2. Dougie before Dougie-Cooper. Over the past couple weeks, there's been mention that Dougie was prone to "episodes" of being "disoriented" even before Dougie Jones was replaced in this realm of existence by Eraserhead Cooper. These nods to Dougie's past invite us to wonder what Dougie used to be like and how Dirty Cooper (who allegedly "manufactured" Dougie as a dummy version of himself) made him and used him over the years. If Twin Peaks wants to fill in the blanks here, I'll take the backstory. I am curious! But I don't feel the show needs to satisfy that curiosity about Dougie history or Dougie mechanics in order for me to understand or enjoy Dirty Cooper. Just the profoundly simple and despicable idea that this is a guy who'll do anything to survive — who sees people as tools and equipment, things to use and abuse for his own flourishing — tells me everything I need to know. I'll be perfectly content if LynchFrost leave the details to our imagination.

What if the Red Room scenes are actually shown backwards, where Cooper would be the one actually doing reverse speech, which could explain why he doesn't speak backwards;, Laura is FALLING toward the Lodge instead of getting away from it, and the arm turns into the tree that turns into the MFAP? Is that how the ring gets BACK on the pedestal? Are the two "times" happening in reverse order of each other, with Cooper going forward and getting older, with BOB heading towards his roots in Twin Peaks past? Could Dirty Cooper actually end up being Bob at the end, and then that Cooper/Bob goes back to the lodge and reverses direction? (This last part makes little sense, I know.)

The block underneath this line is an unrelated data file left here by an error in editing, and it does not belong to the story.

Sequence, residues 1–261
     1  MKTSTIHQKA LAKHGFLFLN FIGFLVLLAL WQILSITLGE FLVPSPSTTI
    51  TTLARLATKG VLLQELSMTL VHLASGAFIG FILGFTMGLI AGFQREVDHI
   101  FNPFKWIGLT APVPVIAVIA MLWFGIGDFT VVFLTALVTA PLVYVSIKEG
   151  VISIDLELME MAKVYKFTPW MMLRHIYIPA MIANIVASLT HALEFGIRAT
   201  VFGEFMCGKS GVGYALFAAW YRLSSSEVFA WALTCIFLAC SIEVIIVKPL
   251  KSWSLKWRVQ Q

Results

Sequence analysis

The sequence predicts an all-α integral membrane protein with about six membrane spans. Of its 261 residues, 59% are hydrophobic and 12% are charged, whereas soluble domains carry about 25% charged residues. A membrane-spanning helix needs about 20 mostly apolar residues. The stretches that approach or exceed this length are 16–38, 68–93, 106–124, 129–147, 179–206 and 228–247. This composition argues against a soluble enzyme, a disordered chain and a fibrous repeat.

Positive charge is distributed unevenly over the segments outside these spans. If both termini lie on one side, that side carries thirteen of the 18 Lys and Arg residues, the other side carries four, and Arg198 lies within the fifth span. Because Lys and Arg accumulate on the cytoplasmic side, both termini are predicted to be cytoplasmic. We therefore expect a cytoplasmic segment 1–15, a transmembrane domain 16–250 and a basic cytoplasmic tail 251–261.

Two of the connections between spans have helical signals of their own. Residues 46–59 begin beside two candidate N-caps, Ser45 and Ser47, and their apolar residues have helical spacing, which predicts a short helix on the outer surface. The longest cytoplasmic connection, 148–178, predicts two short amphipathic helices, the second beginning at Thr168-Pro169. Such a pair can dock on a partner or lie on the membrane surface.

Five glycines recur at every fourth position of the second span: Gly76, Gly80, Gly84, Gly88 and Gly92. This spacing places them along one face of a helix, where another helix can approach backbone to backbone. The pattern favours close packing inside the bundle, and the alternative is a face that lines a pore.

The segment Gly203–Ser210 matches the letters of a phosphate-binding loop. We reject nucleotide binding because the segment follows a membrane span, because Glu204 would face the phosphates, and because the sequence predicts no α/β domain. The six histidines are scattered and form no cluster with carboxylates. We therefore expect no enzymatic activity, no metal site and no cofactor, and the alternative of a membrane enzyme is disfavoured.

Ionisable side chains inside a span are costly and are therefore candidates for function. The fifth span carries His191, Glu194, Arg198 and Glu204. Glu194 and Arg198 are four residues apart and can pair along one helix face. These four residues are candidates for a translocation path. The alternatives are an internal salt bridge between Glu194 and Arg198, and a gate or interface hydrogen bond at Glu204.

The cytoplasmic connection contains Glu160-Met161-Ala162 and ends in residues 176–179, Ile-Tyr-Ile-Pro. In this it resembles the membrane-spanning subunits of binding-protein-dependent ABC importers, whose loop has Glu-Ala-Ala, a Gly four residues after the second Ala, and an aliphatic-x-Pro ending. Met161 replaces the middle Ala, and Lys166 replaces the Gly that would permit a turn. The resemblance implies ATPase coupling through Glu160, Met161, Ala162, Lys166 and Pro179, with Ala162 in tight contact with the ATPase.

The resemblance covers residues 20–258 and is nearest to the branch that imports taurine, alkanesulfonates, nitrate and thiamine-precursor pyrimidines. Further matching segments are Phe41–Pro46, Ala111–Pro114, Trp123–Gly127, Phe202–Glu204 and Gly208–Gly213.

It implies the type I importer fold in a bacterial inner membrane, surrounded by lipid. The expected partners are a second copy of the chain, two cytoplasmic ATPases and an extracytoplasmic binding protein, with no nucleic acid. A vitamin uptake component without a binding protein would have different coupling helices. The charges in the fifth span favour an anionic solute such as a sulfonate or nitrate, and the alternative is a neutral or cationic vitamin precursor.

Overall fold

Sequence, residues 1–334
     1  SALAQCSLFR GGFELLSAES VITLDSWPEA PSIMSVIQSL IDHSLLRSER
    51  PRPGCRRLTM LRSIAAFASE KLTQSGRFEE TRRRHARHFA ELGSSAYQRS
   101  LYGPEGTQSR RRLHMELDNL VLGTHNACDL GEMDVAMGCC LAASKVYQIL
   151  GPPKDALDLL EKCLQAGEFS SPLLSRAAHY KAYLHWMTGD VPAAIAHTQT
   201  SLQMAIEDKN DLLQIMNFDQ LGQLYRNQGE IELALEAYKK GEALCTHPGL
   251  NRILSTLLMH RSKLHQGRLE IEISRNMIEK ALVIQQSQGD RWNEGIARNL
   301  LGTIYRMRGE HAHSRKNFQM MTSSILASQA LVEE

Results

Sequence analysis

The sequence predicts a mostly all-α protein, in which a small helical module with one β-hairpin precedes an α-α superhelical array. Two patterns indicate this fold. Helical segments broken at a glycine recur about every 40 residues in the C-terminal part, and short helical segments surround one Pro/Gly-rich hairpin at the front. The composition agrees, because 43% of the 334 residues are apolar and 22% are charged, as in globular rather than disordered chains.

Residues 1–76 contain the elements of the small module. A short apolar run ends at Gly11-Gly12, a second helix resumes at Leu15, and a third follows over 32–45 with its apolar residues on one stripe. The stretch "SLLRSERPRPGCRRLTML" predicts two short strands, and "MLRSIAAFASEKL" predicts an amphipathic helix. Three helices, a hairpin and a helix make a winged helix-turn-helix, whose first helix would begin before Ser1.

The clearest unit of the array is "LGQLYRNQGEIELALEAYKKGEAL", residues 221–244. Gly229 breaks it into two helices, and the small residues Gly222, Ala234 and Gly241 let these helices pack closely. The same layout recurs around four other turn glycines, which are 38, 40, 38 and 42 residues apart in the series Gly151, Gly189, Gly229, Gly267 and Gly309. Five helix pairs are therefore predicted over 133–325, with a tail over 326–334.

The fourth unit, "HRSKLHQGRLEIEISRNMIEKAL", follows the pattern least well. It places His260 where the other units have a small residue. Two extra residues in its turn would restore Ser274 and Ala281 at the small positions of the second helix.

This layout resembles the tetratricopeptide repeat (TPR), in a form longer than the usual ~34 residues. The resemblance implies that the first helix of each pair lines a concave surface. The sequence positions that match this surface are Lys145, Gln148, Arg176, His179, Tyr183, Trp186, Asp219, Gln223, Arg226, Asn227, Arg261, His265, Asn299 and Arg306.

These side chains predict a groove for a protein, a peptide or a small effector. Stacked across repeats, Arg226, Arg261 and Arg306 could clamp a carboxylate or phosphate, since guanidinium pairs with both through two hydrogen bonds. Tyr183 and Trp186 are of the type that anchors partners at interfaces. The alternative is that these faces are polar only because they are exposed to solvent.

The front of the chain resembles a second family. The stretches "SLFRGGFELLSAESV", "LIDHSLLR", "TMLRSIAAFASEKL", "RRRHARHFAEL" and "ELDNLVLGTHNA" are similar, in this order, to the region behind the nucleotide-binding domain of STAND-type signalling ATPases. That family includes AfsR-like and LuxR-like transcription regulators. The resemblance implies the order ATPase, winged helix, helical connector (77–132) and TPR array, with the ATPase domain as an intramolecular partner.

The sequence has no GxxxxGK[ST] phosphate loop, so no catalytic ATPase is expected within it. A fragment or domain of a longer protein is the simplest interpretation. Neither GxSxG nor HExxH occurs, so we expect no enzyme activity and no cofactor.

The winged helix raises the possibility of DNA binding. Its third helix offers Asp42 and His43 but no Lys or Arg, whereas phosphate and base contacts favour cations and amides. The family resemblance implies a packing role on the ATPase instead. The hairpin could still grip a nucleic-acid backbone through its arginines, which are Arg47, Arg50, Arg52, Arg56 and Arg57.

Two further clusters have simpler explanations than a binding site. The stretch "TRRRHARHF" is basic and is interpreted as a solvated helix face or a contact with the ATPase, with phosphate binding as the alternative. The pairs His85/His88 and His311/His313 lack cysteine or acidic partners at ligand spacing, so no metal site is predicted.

Could explain, somewhat, how agent Cooper can dream of Laura before meeting her. Hell, it might even be a constant boomerang effect, allowing Bob to be the constant with the palindromic name. –Jon Morel

Darren Responds:

This is a wildly ambitious attempt to express some heavy fourth-dimensional multi-plane geometric storytelling in 152 words. I salute you, Jon! And I think I understand about half of what you're getting at. We should remember the very first words we heard inside the Red Room this season: "Is it future… or is it past?" That question was asked by the One-Armed Man, and was an echo from another unstuck-in-time dream sequence. In Fire Walk With Me, the Man From Another Place says the same thing. He's talking to Dale Cooper, kind of, but also to Laura Palmer, kind of: two characters who have never properly met, yet who seem linked together in eternity.

Watch the cast discuss the show's odd universe and the upcoming revival in the new

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Twin Peaks